Factors Influencing Physical Activity Patterns in Obese and Non-Obese Children: Results from OBEY-AD Study
Objectives: The aim of the present study was to analyze patterns of Physical Activity (PA), concentrating on evaluating dietary patterns according with PA levels, in underweight/normal weight and overweight/obese (OWO) children across three geographical areas worldwide.
Methods: OBEY-AD is an international study enrolling 2720 children aged 3-11 years from school settings of metropolitan areas in South America (Mexico, Chile, Argentina, Brazil), Europe (Italy, France, United Kingdom, Germany, Georgia), and Asia (India). Children underwent anthropometric assessment. Dietary patterns and lifestyle were investigated through a cultural specific investigation tool administered to children’s parents.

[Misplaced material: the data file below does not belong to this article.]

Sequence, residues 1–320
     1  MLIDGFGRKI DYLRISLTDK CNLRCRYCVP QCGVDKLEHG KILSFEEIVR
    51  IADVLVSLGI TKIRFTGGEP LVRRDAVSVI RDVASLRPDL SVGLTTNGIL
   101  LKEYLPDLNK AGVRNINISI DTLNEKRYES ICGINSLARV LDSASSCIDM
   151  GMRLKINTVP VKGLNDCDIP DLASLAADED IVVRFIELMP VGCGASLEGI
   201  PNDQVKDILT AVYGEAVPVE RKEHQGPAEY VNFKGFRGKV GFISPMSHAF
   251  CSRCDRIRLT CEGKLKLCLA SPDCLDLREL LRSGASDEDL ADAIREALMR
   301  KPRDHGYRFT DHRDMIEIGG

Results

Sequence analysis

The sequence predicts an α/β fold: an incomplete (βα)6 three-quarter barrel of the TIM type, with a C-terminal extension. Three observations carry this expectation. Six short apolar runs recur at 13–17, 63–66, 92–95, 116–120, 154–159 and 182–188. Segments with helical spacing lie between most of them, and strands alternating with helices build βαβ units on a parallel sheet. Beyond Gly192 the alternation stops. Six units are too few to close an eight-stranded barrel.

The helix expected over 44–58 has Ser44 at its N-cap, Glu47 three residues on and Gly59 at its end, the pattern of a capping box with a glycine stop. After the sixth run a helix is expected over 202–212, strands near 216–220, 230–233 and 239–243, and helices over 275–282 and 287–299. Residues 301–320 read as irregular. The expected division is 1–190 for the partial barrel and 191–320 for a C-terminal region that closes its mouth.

Results: Most of underweight/normal weight and OWO children did physical activity at least once a week or every day. OWO children who did PA at least once a week and every day showed slightly better dietary patterns compared who did PA rarely. Regarding underweight/normal weight children, those
more physically active were more likely to eat more frequently fruits (p-value<0.001), vegetables (p-value<0.001), and meat (p-value<0.001). However, they ate slightly more frequently fried food, sweet and salty snacks (p-value<0.001). Interestingly, parent’s perception of a quality diet (in terms of pleasant family mealtimes and varied diet) seemed to influence PA in both OWO and underweight/normal weight children.
Conclusions: Interestingly, parental perception of healthy diet may result in better PA patterns. However, it should be further analyzed what it means for families the concept of “varied and healthy diet” in order to understand if it really corresponds to the one proposed by international guidelines.